Nuria Monfort- An intelligent woman who worked for a publishing company that published Julian’s novels. She had an affair with Julian and fell in love with him. She also became very good friends with Miquel Moliner and ended up marrying him.

Beatriz Aguilar– She is Daniel’s best friend’s sister, who is engaged to a soldier. She is still in school and her brother and father are extremely protective of her. She soon becomes Daniel’s love interest.

Miquel Moliner– He is Julian’s best friend and is a very intelligent individual. He spends the money his father made selling weapons during the war on good causes (ie. building schools and hospitals). He is extremely loyal to Julian and even gives his life for him. He also falls in love with Nuria and even though it is unrequited, they still end up marrying.

Penelope Aldaya- She is Julian’s love interest, who fell in love with Julian at first sight. She is Julian’s friend’s sister and has a very strict father. She becomes pregnant with Julian’s child and as a result her father locks her up in her room. Most people don’t even know that she existed because she disappeared in 1919. It is later revealed that she died while giving birth a long with her child.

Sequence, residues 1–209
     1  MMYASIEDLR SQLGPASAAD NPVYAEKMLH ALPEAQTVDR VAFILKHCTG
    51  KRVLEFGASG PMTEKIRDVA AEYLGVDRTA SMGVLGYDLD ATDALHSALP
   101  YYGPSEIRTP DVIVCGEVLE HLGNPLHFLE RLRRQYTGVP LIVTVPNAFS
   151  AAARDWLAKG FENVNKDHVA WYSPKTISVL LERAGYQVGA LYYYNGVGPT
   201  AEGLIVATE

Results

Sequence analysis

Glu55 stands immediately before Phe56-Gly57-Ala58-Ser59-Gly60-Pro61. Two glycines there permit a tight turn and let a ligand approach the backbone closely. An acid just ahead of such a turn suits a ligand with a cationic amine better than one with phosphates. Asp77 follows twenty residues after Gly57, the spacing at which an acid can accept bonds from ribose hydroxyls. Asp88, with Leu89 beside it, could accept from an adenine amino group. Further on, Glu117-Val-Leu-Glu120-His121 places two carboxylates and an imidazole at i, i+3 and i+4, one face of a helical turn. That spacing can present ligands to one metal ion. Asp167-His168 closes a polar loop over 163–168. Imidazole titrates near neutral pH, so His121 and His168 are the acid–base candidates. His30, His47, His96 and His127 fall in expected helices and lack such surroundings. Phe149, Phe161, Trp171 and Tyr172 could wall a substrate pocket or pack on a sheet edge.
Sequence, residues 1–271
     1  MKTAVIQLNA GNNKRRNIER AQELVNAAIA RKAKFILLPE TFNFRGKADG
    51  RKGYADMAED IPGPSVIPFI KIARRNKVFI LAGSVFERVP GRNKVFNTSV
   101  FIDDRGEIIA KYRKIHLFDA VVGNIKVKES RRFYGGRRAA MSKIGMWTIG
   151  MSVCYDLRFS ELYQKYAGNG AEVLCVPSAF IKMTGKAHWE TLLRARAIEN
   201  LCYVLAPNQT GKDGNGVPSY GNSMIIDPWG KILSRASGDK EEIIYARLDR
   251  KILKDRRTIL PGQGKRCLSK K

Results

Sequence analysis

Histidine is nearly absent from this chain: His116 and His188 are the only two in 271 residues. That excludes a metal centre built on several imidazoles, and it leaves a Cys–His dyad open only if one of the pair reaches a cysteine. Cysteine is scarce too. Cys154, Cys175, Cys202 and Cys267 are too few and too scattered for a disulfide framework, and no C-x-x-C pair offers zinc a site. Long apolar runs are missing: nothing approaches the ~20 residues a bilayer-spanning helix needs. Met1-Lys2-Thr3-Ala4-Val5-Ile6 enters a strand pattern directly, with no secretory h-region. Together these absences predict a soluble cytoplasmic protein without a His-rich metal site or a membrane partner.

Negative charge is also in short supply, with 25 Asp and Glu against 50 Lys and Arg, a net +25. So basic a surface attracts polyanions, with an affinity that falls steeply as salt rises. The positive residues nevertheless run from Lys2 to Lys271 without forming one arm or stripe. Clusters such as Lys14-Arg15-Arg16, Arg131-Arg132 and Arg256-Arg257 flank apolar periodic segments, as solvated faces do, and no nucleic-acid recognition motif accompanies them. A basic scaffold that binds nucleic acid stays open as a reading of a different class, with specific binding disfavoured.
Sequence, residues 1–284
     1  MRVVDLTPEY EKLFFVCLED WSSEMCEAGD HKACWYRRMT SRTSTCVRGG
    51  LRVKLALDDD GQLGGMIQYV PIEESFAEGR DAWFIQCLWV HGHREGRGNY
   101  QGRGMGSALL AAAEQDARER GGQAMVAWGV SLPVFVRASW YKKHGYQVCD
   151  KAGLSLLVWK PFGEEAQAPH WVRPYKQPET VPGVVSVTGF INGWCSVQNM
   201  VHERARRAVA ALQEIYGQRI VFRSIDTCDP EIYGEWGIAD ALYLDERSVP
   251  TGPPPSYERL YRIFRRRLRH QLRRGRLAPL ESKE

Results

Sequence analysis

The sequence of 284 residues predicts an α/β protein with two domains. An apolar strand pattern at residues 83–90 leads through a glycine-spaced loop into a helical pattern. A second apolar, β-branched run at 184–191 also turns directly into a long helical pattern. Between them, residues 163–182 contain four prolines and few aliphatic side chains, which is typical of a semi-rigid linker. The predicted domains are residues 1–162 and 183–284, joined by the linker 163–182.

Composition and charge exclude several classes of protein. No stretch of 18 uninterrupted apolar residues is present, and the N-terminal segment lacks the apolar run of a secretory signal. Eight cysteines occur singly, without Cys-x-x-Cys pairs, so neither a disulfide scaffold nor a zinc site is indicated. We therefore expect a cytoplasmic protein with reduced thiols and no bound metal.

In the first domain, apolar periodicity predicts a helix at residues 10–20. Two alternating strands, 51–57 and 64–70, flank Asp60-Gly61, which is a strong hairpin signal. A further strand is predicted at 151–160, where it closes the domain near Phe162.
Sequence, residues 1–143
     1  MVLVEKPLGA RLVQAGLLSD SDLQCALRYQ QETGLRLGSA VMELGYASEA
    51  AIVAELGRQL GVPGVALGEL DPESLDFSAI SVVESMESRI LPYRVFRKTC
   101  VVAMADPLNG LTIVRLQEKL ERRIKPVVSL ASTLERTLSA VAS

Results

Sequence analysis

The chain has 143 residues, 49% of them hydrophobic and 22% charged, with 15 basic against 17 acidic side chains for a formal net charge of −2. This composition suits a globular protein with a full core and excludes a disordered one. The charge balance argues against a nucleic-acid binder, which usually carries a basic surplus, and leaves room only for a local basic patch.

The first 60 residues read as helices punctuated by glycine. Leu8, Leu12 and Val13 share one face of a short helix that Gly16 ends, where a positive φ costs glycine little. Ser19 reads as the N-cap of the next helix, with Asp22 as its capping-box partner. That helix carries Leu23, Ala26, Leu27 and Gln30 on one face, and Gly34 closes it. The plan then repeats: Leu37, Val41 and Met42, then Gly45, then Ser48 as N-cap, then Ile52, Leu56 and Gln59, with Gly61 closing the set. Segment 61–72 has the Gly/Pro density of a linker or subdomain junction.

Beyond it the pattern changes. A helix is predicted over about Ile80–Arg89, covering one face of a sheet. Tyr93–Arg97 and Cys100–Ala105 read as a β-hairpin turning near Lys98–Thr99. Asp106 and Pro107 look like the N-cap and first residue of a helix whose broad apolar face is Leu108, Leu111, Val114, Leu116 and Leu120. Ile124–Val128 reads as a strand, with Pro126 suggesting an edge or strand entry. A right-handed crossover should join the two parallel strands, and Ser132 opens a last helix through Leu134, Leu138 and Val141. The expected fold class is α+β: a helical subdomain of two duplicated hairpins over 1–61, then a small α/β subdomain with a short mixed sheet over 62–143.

Structure

“As it unfolded, the structure of the story began to remind me of one of those Russian dolls that contain innumerable ever-smaller dolls within. Step by step the narrative split into a thousand stories, as if it had entered a gallery of mirrors, its identity fragmented into endless reflections.” (Zafon, 7)

Carlos Ruiz Zafon’s, The Shadow of the Wind is structured much like the novel that Daniel is reading with the same name written by Julian Carax. The entire story is not only told from Daniel’s point if view, but repeatedly switches into various narratives. Each individual has there own story about what happened to Julian and each story adds a new layer to who Julian was. The use if this structure creates an element of mystery, because the story slowly unfolds as each individual’s story begins to connect with the other. Just like the Russian dolls, there are numerous stories within this novel, that connect at the end to finally allow Daniel to understand Julian Carax and discover what really happened to him.

Symbols